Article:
• Surprisingly, DOJ contended that every video on the universities’ websites must be accessible to the disabled, even those that are not closely related to the universities’ core business of educating enrolled students. For example, DOJ said the schools must make their “online programming” accessible, while defining “online programming” to include free online videos and audio files that are not courses or educational lectures, but “topics of general interest.”
  • Perhaps most remarkably, DOJ further declared that a public accommodation has an obligation to ensure that the content of its videos is accessible to every person with a disability in the public at large, not just individuals who are customers or potential customers. DOJ’s full explanation was the terse assertion that the federal disability discrimination laws apply “to qualified individuals with disabilities, and is not limited to students with disabilities.”
  • Ironically, DOJ used its own delay in promulgating regulations on website accessibility as a justification for denying the universities’ motions to stay the proceedings until the final rules are implemented. “[T]he scope and timing of any final rule on web accessibility is speculative and far from imminent; although the title III proposed rule. . . is currently scheduled for a Spring 2016 publication, there is no scheduled date for publication of a final rule.” DOJ also confessed that the proposed rule on web accessibility for state and local agencies under Title II was to have been published last Spring, but still has not happened.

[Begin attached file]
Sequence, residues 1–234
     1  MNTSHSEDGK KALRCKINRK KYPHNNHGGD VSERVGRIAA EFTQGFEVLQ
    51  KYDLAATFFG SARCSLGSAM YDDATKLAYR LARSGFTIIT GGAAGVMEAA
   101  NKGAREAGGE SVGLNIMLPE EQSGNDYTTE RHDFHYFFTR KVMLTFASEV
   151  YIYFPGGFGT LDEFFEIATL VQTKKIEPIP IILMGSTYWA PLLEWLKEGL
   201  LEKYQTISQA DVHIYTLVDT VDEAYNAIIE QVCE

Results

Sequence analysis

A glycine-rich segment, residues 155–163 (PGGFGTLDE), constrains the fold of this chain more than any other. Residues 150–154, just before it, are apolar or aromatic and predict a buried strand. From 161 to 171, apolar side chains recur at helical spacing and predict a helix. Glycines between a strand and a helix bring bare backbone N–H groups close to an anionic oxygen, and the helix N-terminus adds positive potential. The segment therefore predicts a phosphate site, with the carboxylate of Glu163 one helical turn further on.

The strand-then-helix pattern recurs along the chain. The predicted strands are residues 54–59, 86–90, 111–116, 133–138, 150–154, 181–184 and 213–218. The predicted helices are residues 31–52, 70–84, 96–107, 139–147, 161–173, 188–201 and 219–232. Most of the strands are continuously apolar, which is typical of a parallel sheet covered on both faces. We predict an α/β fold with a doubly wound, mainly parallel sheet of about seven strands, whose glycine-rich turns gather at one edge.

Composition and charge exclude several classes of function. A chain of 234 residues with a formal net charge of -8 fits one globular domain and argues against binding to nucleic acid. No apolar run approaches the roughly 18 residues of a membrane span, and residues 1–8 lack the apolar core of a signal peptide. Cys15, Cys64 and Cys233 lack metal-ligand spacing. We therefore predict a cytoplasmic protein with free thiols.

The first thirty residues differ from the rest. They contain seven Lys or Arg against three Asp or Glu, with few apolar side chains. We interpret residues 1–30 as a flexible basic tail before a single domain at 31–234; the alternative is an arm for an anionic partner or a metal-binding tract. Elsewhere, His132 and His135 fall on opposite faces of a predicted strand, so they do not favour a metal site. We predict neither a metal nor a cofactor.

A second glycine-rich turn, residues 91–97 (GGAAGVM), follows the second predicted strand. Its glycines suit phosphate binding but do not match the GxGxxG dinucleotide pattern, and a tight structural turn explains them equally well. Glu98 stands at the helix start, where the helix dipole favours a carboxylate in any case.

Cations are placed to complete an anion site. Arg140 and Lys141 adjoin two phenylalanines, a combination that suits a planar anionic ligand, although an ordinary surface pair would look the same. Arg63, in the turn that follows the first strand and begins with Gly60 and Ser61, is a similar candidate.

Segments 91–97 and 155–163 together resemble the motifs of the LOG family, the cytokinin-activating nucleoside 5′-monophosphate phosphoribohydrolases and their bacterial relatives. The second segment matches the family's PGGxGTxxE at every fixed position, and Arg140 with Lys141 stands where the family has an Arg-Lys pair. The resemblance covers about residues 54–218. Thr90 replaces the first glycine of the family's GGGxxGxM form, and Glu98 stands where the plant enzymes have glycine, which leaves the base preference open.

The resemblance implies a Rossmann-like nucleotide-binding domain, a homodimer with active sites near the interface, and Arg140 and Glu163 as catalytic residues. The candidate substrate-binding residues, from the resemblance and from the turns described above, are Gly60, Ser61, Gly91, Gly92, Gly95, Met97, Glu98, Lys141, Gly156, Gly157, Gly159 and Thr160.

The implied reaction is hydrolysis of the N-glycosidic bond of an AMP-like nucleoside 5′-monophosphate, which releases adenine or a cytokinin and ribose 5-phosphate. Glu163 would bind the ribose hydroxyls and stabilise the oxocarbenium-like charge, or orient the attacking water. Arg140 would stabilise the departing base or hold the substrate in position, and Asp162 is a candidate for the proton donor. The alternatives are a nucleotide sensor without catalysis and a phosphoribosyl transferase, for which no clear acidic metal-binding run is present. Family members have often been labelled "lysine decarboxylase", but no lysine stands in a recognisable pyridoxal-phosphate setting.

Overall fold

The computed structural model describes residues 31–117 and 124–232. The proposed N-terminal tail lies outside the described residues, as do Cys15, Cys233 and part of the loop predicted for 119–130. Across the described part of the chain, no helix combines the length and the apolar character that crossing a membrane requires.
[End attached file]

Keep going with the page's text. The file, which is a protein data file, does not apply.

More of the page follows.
Any organization subject to disability access laws – such as a public accommodation or a state or local agency – has been given clear notice by these Statements of Interest that they cannot safely rely on DOJ’s past comments about alternative means of access to goods and services in lieu of accessible websites. Indeed, under DOJ’s view of the law, website accessibility must be provided for all posted material of any kind for all individuals with Internet access to the website.

DISCLAIMER: Because of the generality of this update, the information provided herein may not be applicable in all situations and should not be acted upon without specific legal advice based on particular situations.